PIKEVILLE, Ky. (WYMT) - Members of the Pike County Board of Education met Tuesday for their regular monthly meeting, but before they could turn their attention to items on the agenda, an impassioned group of people demanded to be heard.
The group was there to voice opposition to a rumored ban on Bibles on school grounds.
Concerned citizens stepped forward in turn to defend the religious freedoms of Pike County students.
"We are asking you all from our hearts to stand up for God if you don't stand up for nothing else," Allen Gibson told the board.
Group members spoke on a variety concerns, from displaying the Ten Commandments on school property to the teaching of evolution, but the main concern was whether students could bring Bibles to school.
"They read it at home but they can't take their Bible to school," said Lizzie Simpkins. "My little granddaughter picked up her Bible and you know it breaks my heart to tell my baby she can't take her Bible to school."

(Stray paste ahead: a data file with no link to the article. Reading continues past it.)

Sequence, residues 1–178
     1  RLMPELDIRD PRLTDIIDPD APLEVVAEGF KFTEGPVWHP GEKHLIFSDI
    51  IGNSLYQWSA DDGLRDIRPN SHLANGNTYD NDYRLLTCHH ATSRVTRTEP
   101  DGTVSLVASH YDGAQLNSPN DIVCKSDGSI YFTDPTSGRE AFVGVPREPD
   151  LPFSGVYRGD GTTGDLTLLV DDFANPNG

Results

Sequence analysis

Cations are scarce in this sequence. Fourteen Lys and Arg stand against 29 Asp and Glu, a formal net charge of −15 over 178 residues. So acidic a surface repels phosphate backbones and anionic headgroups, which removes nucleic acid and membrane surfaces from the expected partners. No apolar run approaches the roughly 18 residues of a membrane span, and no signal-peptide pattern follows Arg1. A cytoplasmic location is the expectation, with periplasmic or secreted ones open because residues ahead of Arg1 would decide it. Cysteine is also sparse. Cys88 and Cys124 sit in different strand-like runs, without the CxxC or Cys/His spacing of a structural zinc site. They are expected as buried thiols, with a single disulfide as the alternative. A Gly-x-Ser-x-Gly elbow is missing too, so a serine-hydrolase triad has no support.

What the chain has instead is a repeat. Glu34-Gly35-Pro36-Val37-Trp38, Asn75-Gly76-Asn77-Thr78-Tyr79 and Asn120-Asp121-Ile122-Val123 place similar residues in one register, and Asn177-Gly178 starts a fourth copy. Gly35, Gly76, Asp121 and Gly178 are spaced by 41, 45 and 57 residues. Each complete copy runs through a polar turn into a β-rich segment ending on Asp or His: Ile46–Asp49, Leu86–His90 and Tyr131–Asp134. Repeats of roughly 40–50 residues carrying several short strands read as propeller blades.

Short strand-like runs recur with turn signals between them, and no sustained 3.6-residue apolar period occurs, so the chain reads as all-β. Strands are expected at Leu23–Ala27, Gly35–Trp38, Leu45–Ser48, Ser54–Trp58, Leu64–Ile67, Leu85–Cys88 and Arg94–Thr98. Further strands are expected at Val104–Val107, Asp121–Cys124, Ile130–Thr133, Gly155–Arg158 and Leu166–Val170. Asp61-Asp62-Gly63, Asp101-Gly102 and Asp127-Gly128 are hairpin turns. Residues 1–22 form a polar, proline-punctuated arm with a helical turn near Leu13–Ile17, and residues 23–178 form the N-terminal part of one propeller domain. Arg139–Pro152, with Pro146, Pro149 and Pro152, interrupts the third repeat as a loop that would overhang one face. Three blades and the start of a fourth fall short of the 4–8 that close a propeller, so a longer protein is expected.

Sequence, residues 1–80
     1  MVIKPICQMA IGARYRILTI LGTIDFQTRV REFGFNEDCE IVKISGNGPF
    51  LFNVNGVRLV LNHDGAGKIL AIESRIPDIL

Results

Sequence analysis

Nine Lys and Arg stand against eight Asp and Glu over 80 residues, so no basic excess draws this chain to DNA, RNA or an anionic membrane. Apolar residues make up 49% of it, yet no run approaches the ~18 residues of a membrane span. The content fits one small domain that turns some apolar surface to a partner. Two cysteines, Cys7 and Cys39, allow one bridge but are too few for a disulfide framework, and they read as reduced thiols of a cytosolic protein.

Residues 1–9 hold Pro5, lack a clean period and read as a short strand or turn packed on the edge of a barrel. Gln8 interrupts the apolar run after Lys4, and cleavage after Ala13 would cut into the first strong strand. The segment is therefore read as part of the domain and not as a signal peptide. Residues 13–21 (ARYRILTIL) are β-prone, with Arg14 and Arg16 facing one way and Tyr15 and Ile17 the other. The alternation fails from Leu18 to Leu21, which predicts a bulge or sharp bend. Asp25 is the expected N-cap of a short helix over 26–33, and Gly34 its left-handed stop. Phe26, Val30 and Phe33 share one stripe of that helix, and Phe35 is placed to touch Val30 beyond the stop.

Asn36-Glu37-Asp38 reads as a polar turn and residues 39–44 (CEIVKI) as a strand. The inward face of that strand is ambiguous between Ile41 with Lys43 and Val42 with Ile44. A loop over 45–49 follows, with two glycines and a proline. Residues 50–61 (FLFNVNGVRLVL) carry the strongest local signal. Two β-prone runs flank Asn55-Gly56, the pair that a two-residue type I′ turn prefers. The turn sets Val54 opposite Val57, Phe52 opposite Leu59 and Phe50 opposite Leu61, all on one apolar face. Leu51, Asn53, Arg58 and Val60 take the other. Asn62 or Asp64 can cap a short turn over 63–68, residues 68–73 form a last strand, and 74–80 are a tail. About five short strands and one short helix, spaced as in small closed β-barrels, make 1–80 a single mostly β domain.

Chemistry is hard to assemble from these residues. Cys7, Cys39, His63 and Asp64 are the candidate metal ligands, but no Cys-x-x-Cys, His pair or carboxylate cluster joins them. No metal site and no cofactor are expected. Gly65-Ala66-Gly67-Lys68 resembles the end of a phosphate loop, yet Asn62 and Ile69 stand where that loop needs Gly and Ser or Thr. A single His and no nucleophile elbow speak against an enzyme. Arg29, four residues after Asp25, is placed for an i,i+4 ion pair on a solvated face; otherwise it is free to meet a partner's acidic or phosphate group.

Board members assured everyone they will do nothing to infringe upon the religious freedoms of students.
Neal Smith, the school board's attorney, explained that students are free to share Bibles if they wish or practice their religion any way they choose.
He made the distinction saying that the school board just can't officially sanction any such activity without inviting a lawsuit.
"There are multiple case cites in here from other cases across the country that clearly hold that it's unconstitutional to distribute Bibles in the schools," he said. "You just can't do it."
Despite the school board's explanation, people we talked to remained defiant against any possible legal threat.
"They haven't fought nobody until they come to Appalachia and fight the people from Eastern Kentucky," Gibson said after the meeting.
As long as kids can continue to bring their Bibles for personal use, folks say they won't have any issues with the board of education's position.